You don’t become the world’s richest man by wasting away the day binge-watching Netflix. You learn, you grow, you hustle. And you read, and a hell of a lot. Heavy reads, light reads, even breezy beach reads from time to time.
We’re talking, of course, about Bill Gates: inventor, philanthropist and voracious reader. Keeping up with his own tradition, the Microsoft co-founder recently took to his blog to publish his annual “ beach reading (and more)” list, a collection of books he thinks everyone should add to their summer reading roundup.
Most of his selections, which he says made him “think or laugh, or, in some cases, do both,” are as cerebral as you’d expect, though a couple of surprising easy reads made it into the mix, too. Seems Gates, 59, is lightening up a bit with age.
Looking back, he credits much of his entrepreneurial success to reading. “I really had a lot of dreams when I was a kid,” he said, “and I think a great deal of that grew out of the fact that I had a chance to read a lot.” Apparently even in the summer.
To see Gates explain why he likes each book in his own words, check out the clip below:
With the first day of summer coming up on June 21, there’s plenty of time to dig into Gates’s picks. Check out his recommendations from your local library or spring for them at the neighborhood bookstore. Happy reading.
Here are the seven titles that made the cut:
1. Hyperbole and a Half: Unfortunate Situations, Flawed Coping Mechanisms, Mayhem, and Other Things That Happened (Touchstone Books, 2013) by Allie Brosh
Why he recommends it: “You will rip through it in three hours, tops. But you’ll wish it went on longer, because it’s funny and smart as hell. I must have interrupted Melinda a dozen times to read to her passages that made me laugh out loud.”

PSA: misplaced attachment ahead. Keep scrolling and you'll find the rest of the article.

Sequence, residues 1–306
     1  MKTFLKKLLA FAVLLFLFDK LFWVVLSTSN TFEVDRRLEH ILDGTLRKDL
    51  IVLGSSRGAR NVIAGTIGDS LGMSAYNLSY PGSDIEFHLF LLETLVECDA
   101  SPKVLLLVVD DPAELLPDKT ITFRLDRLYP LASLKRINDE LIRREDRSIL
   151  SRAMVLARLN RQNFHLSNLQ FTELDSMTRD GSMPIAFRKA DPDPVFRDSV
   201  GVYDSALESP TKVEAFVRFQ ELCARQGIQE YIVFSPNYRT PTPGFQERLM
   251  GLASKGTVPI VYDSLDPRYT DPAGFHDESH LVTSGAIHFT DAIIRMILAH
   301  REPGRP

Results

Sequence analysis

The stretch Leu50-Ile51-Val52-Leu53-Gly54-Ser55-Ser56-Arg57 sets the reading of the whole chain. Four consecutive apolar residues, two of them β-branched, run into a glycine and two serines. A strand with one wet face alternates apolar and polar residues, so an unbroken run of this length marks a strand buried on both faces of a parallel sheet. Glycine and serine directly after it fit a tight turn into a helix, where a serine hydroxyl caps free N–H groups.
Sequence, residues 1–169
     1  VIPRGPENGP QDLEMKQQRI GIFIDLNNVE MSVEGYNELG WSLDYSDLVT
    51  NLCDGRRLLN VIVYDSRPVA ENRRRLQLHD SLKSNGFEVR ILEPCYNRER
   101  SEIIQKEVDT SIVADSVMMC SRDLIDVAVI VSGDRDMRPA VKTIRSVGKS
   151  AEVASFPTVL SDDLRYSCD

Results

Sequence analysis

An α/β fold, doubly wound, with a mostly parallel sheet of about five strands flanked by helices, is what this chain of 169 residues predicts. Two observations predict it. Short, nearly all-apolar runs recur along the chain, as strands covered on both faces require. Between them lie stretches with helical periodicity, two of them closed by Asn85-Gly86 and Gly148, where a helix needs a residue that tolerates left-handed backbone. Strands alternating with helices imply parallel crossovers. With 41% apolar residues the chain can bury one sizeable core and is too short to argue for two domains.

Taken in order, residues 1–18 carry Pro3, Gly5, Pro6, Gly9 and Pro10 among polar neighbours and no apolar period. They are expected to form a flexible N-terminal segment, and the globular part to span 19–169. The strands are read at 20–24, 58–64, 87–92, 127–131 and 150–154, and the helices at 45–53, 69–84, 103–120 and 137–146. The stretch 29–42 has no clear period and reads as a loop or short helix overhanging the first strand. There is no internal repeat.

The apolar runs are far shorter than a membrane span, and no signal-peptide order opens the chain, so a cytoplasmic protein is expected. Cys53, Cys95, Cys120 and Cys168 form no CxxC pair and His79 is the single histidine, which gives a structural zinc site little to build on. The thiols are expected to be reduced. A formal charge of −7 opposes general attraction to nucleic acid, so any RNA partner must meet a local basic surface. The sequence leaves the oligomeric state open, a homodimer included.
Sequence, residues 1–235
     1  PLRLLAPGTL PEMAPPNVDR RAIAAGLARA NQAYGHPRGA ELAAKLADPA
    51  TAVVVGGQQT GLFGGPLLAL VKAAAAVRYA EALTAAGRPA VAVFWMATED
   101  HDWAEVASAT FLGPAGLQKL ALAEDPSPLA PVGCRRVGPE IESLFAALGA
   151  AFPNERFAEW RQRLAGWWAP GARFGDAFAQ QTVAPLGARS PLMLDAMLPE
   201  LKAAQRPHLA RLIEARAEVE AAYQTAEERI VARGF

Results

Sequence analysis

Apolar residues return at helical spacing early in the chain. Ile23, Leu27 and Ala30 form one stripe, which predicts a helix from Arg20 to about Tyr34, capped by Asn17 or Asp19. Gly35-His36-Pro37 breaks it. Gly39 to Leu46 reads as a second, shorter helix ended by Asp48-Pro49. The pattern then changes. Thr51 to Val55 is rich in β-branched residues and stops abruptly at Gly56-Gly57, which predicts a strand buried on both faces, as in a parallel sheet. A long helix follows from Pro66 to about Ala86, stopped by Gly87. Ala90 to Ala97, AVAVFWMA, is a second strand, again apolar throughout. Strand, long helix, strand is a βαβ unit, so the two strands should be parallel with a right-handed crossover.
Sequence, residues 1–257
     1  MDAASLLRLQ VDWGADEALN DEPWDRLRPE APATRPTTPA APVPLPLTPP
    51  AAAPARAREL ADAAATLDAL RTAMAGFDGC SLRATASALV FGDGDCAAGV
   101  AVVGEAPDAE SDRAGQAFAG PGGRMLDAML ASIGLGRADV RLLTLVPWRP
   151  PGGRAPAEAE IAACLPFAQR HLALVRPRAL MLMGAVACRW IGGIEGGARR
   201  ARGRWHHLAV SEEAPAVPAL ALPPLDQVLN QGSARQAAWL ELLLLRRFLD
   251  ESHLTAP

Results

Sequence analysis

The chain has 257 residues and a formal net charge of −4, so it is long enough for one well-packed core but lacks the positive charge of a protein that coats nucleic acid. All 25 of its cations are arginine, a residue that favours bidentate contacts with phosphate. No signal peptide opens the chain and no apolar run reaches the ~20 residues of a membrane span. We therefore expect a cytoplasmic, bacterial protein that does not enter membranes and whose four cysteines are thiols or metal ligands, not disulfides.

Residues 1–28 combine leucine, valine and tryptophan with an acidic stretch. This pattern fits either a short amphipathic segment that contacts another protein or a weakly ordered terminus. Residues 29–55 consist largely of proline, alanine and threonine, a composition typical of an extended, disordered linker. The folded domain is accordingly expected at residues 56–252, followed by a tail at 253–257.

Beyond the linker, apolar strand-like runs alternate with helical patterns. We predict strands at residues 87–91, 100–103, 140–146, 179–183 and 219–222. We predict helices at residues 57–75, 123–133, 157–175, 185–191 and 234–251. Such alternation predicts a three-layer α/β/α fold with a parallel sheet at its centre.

2. The Magic of Reality: How We Know What’s Really True (Free Press, 2012) by Richard Dawkins
Why he recommends it: “It’s an engaging, well-illustrated science textbook offering compelling answers to big questions, like ‘how did the universe form?’ and ‘what causes earthquakes?’ It’s also a plea for readers of all ages to approach mysteries with rigor and curiosity.”
3. What If?: Serious Scientific Answers to Absurd Hypothetical Questions (Houghton Mifflin Harcourt, 2014) by Randall Munroe
Why he recommends it: “It’s an entertaining read, and you’ll also learn a bit about things like ballistics, DNA, the oceans, the atmosphere, and lightning along the way.”
4. XKCD: Volume 0 (Breadpig, 2010) by Randall Munroe
Why he recommends it: “They research press conferences and find out that sometimes it’s good to serve food that’s related to the subject of the conference. The last panel is all the reporters dead on the floor because they ate arsenic. It’s that kind of humor, which not everybody loves, but I do.” (Ouch, that hurts, Gates.)
5. On Immunity: An Inoculation (Graywolf Press, 2014) by Eula Biss
Why he recommends it: “When I stumbled across this book on the Internet, I thought it might be a worthwhile read. I had no idea what a pleasure reading it would be. Biss, an essayist and university lecturer, examines what lies behind people’s fears of vaccinating their children. Like many of us, she concludes that vaccines are safe, effective, and almost miraculous tools for protecting children against needless suffering.”
6. How to Lie With Statistics (W. W. Norton & Company, 1993) by Darrell Huff
Why he recommends it: “One chapter shows you how visuals can be used to exaggerate trends and give distorted comparisons—a timely reminder, given how often infographics show up in your Facebook and Twitter feeds these days.”
7. Should We Eat Meat? Evolution and Consequences of Modern Carnivory (Wiley-Blackwell, 2013) by Vaclav Smil
Why he recommends it: “The richer the world gets, the more meat it eats. And the more meat it eats, the bigger the threat to the planet. How do we square this circle? Vaclav Smil takes his usual clear-eyed view of the whole landscape, from meat’s role in human evolution to hard questions about animal cruelty.”
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